A revised design will see the information screens moved from the door to the curved intercar connection between the side wall and ceiling.

“We are delighted that BVG has decided to continue its successful cooperation with our company. We are very proud to have won one of the largest delivery contracts ever awarded in Europe and to be able to complete the order in Berlin for Berlin,” said Jure Mikolčić, CEO of Stadler in Germany.

The new cars will be built at the Stadler Berlin-Pankow site, where Stadler will invest 70 million euros. The investment will go towards a new production hall, and spaces for logistics and commissioning. Furthermore, office space and a new canteen for workers will be built.

“We have decided to bring forward our planned investments in the Stadler location in the German capital in order to create an optimal basis for the implementation of this major project,” said Mikolčić.

COVID-19 stimulus package: what it means for businesses in rail

The federal government has announced a $17.6 billion economic plan to keep Australian businesses in business, so what does this mean for the rail sector?

As the entire global economy faces significant challenges posed by the spread of the coronavirus, stimulus packages have been implemented across the nation to support small and medium sized businesses.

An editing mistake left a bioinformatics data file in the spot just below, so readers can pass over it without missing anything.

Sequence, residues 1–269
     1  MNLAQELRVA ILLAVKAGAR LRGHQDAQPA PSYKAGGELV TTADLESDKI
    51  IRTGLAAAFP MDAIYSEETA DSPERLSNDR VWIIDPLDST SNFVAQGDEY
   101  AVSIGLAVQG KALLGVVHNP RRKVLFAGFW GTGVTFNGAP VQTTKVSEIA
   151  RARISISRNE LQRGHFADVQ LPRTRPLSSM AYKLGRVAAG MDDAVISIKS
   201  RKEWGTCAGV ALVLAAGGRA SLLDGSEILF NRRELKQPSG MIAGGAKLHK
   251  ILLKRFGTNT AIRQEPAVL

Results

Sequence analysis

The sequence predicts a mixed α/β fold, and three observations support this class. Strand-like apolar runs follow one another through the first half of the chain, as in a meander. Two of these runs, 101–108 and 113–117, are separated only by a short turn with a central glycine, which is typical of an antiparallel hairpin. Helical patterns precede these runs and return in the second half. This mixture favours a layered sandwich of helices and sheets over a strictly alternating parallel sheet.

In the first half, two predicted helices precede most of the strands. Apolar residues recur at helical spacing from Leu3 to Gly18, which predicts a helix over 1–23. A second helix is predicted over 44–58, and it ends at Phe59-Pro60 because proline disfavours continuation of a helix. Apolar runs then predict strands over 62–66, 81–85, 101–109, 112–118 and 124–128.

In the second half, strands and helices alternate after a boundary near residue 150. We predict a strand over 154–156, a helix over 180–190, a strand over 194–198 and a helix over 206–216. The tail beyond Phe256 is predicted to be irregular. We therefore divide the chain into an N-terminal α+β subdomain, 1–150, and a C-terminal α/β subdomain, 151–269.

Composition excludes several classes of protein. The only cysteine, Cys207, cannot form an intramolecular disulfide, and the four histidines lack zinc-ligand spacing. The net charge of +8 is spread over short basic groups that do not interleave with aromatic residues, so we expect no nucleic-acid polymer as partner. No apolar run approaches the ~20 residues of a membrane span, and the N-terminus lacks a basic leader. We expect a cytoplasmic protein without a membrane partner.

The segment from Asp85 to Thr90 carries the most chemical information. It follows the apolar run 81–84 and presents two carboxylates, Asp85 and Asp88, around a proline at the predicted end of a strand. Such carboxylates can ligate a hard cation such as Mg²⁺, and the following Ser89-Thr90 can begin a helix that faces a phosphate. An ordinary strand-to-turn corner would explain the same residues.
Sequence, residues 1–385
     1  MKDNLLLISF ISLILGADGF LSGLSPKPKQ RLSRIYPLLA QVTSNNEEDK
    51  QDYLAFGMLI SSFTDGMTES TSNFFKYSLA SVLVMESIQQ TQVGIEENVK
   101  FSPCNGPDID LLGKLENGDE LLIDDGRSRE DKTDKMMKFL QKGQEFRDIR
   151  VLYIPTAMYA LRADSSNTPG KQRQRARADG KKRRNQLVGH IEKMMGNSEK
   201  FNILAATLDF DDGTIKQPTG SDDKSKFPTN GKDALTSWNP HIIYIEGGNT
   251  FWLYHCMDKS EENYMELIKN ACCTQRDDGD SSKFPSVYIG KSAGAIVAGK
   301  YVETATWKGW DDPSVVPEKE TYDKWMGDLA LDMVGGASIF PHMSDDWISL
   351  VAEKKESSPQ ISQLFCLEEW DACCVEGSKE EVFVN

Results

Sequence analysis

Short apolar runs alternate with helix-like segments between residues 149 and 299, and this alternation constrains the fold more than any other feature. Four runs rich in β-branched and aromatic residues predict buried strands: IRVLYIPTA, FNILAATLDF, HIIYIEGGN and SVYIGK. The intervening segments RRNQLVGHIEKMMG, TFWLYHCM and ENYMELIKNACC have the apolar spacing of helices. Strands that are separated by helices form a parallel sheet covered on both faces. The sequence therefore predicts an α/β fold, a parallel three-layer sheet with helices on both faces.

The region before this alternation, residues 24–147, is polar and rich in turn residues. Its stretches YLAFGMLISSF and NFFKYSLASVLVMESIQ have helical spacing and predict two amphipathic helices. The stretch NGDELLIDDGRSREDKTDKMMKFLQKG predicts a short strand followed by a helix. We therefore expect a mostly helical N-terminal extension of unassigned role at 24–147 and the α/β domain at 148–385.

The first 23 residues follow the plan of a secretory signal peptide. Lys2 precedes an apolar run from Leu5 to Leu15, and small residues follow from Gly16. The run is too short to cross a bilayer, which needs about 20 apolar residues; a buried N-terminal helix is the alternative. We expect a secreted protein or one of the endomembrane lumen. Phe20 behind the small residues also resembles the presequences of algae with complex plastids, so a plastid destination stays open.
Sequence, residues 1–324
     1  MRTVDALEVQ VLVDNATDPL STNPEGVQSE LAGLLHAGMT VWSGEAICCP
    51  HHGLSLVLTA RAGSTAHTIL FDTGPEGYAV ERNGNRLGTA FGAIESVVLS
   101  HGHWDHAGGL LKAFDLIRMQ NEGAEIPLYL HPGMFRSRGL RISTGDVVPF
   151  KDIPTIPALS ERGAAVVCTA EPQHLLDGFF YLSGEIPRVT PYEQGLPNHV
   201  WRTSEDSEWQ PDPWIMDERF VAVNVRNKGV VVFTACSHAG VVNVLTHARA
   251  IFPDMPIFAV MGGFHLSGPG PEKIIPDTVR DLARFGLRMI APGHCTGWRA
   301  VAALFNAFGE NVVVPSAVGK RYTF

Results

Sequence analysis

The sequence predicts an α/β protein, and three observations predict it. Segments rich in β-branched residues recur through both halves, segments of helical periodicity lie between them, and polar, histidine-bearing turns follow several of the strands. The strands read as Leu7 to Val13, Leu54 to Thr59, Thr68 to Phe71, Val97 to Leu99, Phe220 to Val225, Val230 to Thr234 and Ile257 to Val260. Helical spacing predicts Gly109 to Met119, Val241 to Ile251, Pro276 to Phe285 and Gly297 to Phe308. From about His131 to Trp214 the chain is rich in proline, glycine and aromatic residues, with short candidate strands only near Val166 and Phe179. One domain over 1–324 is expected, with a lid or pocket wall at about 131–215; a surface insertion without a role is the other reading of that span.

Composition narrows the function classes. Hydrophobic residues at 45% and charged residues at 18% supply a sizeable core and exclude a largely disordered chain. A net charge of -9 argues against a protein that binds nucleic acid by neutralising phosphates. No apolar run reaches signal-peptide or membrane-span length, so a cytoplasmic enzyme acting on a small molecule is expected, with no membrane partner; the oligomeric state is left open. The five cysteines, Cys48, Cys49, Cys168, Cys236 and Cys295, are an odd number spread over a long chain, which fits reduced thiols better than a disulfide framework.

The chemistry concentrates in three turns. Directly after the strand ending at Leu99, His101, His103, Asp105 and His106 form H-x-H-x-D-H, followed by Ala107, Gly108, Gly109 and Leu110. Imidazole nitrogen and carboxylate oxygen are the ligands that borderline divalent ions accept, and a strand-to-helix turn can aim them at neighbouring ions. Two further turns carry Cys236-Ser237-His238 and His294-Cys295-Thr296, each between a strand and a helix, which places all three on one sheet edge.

Prime Minister Scott Morrison said as part of the plan up to 6.5 million individuals and 3.5 million businesses would be directly supported by the package.

Caroline Wilkie, Australasian Railway Association (ARA) CEO said stimulus measures announced by the New Zealand, Australian commonwealth and state governments for small and medium enterprises, such as direct payments, asset write offs, apprentice wage subsidies, accelerated depreciation, and payroll tax exemptions will be of benefit to eligible businesses in the rail supply chain.

“However it is likely that additional government support will be necessary,” she said.

Similarly, Luke Wisbey manager – rail for civil engineering and plant hire company Brefni, noted that there is room for current stimulus measures to go further.

“The $17bn support package offered by the Federal Government is quite a significant sum and highlights the enormity of the situation facing business across all sectors including the rail industry,” said Wisbey.

“Although the package offered is substantial, the individual initiatives represent relatively small spends at a time when the economy faces mass bankruptcies. In order for businesses to survive the likely drops in revenue the crisis will generate, the government needs to be considering corporate level funding rather than ad hoc initiatives.”